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Some Genshin Impact Math

I recently wrote a post about some math I did for Genshin Impact on Reddit, and I figured I’d post it here, more for the math part than the game part. See below (with additional edits for clarification for non-players.)

With the release of Kuki Shinobu and her expedition talent (which Yelan and Shenhe also have, but I didn’t pull them, so I wasn’t thinking about it), I started to wonder about the comparative benefits of these talents vs the quicker expedition talents of Bennett/Fischl/Chongyun/Keqing/Kujo Sara.

Shinobu has the following talent: “Gains 25% more rewards when dispatched on an Inazuma Expedition for 20 hours.”

Sara has the following talent: “When dispatched on an expedition in Inazuma, time consumed is reduced by 25%.”

The first thought is to compare them directly. Shinobu gives 25% extra rewards every 20 hours, and Sara gives regular rewards 25% faster, so every 15 hours. While both say 25%, you are actually collecting rewards with Sara 33% more frequently, and so it is a better talent. (Over the course of 5 days, Sara would get you 40000 Mora, while Shinobu would get you 37500.)

Of course, that requires doing your expeditions immediately upon completion, which will require a shifting schedule and waking up in the middle of the night and such, and is thus fairly unrealistic. So let’s look at a more realistic model.

It would be reasonable to check Shinobu‘s expedition once a day, as 20 hours is close to 24. With Sara’s 15, however, you could do a 2-1 cycle: on the first day, check right when you wake up and right before bed (as most people are awake 16 hours), and then the next day check it in the middle of the day. (For example, 7 AM, 10PM, and then between 1 and 4 PM the next day, so it ready by 7AM the next day. This gives you some wiggle room.)

With this method, Sara is doing 50% more expeditions compared to Shinobu‘s 25% bonus, an even bigger difference than before! Over a 6-day period, Shinobu would bring 37500 Mora, while Sara would get 45000.

However, it’s pretty easy to mess up that 2-1 cycle. Sometimes I would have a class when my expeditions were done, and so couldn’t check, and then wouldn’t remember until after work, which would make my morning expedition late, and then my night one would fall until after I went to sleep. So now my question is, how often can I mess up the cycle and still have it be better than Shinobu?

Consider that same 6-day period. If I mess up on one day, it actually doesn’t change anything. (My 2-1-2-1-2-1 cycle becomes 2-1-1-2-1-2, and the next cycle of 6 days is 1-2-1-2-1-2, so still 9 expeditions per cycle.) However, the second mistake will make it so there’s only 8 expeditions per 6 days, which is equal to Shinobu’s. Similarly, the 3rd mistake is fine but the 4th one will drop you below Shinobu’s bonus rate.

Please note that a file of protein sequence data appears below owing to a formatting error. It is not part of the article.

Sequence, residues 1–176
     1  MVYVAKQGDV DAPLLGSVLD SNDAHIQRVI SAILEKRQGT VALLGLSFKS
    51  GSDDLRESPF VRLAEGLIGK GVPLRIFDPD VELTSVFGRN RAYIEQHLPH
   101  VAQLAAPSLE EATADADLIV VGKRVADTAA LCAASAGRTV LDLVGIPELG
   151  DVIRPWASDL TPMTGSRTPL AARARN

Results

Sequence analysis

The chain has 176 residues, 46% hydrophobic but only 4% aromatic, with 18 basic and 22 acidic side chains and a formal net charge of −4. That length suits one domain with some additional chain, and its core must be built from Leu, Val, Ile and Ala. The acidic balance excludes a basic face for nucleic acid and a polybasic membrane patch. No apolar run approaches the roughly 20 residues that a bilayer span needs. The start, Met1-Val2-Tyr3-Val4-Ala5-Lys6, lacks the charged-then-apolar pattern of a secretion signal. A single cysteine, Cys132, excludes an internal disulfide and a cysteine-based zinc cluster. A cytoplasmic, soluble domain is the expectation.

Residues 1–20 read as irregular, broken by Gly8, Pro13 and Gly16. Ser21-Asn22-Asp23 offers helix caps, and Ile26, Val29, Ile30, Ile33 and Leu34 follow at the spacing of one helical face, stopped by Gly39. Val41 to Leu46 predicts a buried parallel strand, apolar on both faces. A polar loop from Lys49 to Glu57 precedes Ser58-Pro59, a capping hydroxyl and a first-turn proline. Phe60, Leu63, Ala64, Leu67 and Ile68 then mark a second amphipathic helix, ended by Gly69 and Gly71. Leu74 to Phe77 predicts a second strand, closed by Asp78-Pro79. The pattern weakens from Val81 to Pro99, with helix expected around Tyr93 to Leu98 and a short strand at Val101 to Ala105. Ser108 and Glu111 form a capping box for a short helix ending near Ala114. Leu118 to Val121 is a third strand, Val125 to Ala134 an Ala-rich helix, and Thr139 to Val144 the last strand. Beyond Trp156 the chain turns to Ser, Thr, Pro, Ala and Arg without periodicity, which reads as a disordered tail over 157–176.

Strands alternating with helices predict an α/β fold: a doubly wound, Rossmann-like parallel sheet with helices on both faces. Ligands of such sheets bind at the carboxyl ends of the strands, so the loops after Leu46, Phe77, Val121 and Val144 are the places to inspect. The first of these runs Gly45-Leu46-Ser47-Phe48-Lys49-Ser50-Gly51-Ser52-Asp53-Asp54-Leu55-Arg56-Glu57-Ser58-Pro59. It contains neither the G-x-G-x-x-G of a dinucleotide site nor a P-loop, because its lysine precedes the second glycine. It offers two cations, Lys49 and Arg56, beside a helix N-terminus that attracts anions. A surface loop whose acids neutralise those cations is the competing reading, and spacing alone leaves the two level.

So one way to look at it is if you can keep a rate of 2 double-days every 6 days, Sara and Shinobu are tied. If you can do more frequently, Sara is better. If you can’t, Shinobu is better.

Another way is to think more long term. Over a 30-day period, you would need 11 or more double-days for Sara to beat out Shinobu. So you could mess up on 9 days and still come out ahead (30% error rate). Over a 300-day period, you need 101 or more double-days, so you can mess up 99 times (33% error rate). As you might be able to tell, this limit approaches 1/3, so you can mess up on average (fewer than) 1/3 days and still come out tied or ahead.

BYORF

One of the other games I made this year was during our rational functions unit: BYORF, which stands for Build Your Own Rational Function. (This was originally a placeholder name, but it kinda grew on me.)

BYORF is a drafting game, a la Sushi Go or 7 Wonders. You play over 2 rounds (because that fit best in our 45 minute period – 3 rounds might be better with more time?), drafting linear factor cards to build into rational functions that match certain criteria. Here’s an example of a round between two players.

In this example, the left player used only 4 of their linear factors (as you don’t need to use all 6). Then we can compare each of the 5 goal cards, which are randomized each round. L has 0 VA left of the y-axis, while R has 2, so that is 3 points to R. L has a hole at (-2, 1/3) while R has a hole at (-1, -2), so L gets 5 pts. They both have a HA at y=-1, so both score those 4. Then we have the two sign analysis cards, which score points if you have that formation somewhere in your sign analysis. R has the first one (around x=3) and both have the second one (L around x=1 and R around x=-3). So after one round, both players are tied with 11 points.

I hope that gets the idea across. The fact that students need to check each other’s work to make sure the points are being allocated correctly builds in a lot of good practice. After we played the game, I did a follow-up assignment to ask some conceptual questions (which is where the above example comes from). I’ve also attached that here.